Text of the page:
Paige Cloudman talks with UCHealth Emergency Department staff during a 2015 UCHealth Teddy Bear Hospital event. Photo by Blocker Photography, for UCHealth.

At the Teddy Bear Hospital event, UCHealth ER staff will bandage, suture and X-ray the “patient” in accordance with the injuries or illnesses reported to them by the child.

“Participating in this fun event can help decrease the anxiety and fear a child might have should they need to come to the ER as a patient themselves,” Borrego said.

Emergency Physicians of the Rockies is giving mini teddy bears away to the first 250 young guests. There also will be community programs providing information and hosting fun events, including a tour of an ambulance for children.

For the community open house, from 1 to 3 p.m. Feb. 11, the public gets a chance to see the ER and ambulance bay as well as the new orthopedic unit and retail pharmacy.

The orthopedic unit has large rooms with natural light and a rehabilitation gym that gives patients an area to improve their mobility and health without the feel of being in a hospital.

UCHealth’s Clinical Education and Innovation Center staff will be on hand with training mannequins mocked up as patients so visitors can see how the mannequins help prepare staff for real-life situations.

“We’ll be using high-fidelity simulators (mannequins) as well as CPR feedback devices during the open house to allow the community to get up close and personal to see the benefits and the realism of our simulation education,” said Laura Wining, UCHealth’s coordinator of education programs.

Health care experts also will be available to answer questions about the laboratory and new retail pharmacy, mental health and sexual assault nurse examiner rooms in the ER, the helipad, MRI and other aspects of the new space.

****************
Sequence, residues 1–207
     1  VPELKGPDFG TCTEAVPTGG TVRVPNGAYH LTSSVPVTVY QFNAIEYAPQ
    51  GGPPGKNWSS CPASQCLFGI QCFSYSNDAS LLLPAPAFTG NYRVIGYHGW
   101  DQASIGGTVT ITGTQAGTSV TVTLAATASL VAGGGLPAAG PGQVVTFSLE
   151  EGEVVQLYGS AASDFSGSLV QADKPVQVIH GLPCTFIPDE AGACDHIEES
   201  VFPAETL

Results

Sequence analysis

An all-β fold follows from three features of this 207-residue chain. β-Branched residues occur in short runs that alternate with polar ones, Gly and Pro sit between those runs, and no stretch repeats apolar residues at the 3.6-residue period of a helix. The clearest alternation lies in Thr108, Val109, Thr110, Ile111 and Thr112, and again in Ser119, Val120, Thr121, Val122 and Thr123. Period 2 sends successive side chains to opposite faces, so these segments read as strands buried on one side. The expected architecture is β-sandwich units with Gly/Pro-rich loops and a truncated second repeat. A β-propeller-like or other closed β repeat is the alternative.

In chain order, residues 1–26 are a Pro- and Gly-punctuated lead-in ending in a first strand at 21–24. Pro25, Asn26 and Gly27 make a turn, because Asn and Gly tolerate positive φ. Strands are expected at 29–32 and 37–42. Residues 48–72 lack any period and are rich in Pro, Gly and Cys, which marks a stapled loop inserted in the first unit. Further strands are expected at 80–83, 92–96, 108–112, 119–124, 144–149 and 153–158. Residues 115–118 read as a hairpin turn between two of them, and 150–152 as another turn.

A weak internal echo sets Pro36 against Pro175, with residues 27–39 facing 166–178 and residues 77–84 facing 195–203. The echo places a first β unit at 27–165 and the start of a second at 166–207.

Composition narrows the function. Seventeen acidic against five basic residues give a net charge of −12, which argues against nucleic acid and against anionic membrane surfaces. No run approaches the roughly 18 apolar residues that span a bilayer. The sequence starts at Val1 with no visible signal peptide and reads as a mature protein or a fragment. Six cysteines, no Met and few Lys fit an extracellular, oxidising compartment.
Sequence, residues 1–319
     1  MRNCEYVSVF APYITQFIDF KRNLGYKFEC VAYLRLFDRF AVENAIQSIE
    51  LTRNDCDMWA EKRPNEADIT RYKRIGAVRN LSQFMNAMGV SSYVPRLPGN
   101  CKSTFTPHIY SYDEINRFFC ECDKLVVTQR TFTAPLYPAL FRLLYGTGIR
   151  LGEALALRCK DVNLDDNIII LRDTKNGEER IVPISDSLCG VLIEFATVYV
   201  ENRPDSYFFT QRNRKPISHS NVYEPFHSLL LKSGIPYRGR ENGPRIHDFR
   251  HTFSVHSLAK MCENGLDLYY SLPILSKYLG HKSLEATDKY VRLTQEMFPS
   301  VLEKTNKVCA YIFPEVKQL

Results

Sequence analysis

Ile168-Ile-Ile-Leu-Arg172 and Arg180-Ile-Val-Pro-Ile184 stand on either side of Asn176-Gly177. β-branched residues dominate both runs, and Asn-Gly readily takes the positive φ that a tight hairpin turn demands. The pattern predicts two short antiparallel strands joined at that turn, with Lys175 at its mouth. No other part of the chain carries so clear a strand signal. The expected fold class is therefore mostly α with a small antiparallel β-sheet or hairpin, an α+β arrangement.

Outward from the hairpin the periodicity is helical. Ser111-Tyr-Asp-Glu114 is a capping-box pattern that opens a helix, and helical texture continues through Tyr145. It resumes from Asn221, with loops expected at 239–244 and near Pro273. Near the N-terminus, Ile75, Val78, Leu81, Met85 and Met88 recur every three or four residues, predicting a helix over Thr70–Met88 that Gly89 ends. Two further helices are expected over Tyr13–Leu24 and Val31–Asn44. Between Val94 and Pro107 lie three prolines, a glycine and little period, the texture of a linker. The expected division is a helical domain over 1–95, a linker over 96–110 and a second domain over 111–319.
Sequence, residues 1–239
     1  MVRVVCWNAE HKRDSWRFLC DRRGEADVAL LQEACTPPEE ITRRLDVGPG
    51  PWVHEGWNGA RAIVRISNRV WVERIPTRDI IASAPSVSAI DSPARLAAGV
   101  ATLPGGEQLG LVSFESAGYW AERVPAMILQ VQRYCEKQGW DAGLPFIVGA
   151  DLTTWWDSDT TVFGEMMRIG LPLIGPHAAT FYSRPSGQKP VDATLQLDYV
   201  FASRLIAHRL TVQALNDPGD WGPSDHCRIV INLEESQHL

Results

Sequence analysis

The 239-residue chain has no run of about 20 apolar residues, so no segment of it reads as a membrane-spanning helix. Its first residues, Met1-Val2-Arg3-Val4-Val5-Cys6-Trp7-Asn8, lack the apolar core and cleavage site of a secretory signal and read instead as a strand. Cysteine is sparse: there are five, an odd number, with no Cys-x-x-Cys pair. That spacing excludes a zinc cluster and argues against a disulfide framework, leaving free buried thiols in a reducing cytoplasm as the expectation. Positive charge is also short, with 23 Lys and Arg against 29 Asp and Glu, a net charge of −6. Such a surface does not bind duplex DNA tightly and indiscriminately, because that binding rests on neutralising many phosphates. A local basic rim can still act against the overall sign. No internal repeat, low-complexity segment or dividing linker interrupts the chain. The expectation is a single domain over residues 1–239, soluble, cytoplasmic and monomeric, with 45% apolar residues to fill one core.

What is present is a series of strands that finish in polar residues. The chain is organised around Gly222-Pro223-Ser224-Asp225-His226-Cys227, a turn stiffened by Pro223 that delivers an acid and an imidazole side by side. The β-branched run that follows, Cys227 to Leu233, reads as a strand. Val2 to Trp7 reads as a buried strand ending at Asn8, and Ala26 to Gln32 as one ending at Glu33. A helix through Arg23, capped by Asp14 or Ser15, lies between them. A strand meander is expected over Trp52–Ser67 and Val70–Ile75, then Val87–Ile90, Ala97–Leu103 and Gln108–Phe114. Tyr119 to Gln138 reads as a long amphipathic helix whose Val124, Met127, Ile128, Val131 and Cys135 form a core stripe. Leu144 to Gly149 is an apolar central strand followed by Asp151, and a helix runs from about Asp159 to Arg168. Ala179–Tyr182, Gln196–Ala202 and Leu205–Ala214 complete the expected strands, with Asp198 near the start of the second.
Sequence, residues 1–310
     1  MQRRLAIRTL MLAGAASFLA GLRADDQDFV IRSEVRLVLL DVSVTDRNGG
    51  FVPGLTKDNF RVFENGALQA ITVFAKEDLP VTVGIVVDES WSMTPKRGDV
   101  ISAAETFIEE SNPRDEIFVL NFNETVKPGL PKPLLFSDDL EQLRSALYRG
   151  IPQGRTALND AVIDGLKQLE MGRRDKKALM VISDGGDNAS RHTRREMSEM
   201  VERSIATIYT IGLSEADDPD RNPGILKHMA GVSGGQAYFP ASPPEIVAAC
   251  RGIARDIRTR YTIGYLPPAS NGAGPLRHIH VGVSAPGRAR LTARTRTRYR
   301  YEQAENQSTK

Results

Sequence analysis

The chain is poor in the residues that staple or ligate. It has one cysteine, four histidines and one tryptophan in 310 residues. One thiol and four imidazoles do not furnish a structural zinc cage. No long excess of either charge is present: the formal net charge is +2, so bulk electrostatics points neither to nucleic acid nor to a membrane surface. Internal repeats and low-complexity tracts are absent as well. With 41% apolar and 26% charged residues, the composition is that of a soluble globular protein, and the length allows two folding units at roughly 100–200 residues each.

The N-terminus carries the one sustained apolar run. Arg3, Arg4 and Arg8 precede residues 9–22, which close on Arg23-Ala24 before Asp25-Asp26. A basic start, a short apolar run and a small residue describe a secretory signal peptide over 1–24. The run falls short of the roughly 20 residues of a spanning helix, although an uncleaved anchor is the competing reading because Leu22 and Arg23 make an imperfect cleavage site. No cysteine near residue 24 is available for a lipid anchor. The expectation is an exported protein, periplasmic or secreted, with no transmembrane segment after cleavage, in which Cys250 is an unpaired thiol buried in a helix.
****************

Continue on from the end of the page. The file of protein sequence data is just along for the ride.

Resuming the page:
For more information visit

ER doctor puts a cast on a stuffed animal while boy in a fire costume watches.
Noah Benson, 4, gets his teddy bear checked out by a UCHealth Emergency Room physician during a 2015 UCHealth Teddy Bear Hospital event. Photo by Blocker Photography, for UCHealth.

Where to go

WHAT: The community is invited to two upcoming events to get a sneak peek of Poudre Valley Hospital’s new wing, which includes a new emergency department.

  • Teddy Bear Hospital, 9-noon Feb. 11.
  • Community Open House, 1-3 p.m. Feb. 11.

WHERE: Poudre Valley Hospital, 1024 S. Lemay Ave., Fort Collins.

DETAILS: Both events are free. Signs will be posted to direct attendees to event parking.

About the author

Kati Blocker has always been driven to learn and explore the world around her. And every day, as a writer for UCHealth, Kati meets inspiring people, learns about life-saving technology, and gets to know the amazing people who are saving lives each day. Even better, she gets to share their stories with the world.

As a journalism major at the University of Wyoming, Kati wrote for her college newspaper. She also studied abroad in Swansea, Wales, while simultaneously writing for a Colorado metaphysical newspaper.

After college, Kati was a reporter for the Montrose Daily Press and the Telluride Watch, covering education and health care in rural Colorado, as well as city news and business.

When she's not writing, Kati is creating her own stories with her husband Joel and their two young children.